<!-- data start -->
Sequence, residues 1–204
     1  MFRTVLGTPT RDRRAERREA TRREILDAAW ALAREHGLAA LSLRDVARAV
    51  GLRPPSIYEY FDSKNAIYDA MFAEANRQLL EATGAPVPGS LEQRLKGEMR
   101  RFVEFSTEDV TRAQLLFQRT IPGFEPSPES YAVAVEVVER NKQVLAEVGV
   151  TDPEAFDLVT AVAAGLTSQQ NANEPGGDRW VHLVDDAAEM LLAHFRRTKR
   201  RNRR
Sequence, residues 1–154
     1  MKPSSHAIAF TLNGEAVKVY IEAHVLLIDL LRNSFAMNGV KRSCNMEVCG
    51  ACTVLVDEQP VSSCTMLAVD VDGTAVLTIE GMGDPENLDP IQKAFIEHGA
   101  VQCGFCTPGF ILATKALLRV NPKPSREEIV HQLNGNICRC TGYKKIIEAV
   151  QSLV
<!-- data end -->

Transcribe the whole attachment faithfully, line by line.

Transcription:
Sequence, residues 1–204
     1  MFRTVLGTPT RDRRAERREA TRREILDAAW ALAREHGLAA LSLRDVARAV
    51  GLRPPSIYEY FDSKNAIYDA MFAEANRQLL EATGAPVPGS LEQRLKGEMR
   101  RFVEFSTEDV TRAQLLFQRT IPGFEPSPES YAVAVEVVER NKQVLAEVGV
   151  TDPEAFDLVT AVAAGLTSQQ NANEPGGDRW VHLVDDAAEM LLAHFRRTKR
   201  RNRR
Sequence, residues 1–154
     1  MKPSSHAIAF TLNGEAVKVY IEAHVLLIDL LRNSFAMNGV KRSCNMEVCG
    51  ACTVLVDEQP VSSCTMLAVD VDGTAVLTIE GMGDPENLDP IQKAFIEHGA
   101  VQCGFCTPGF ILATKALLRV NPKPSREEIV HQLNGNICRC TGYKKIIEAV
   151  QSLV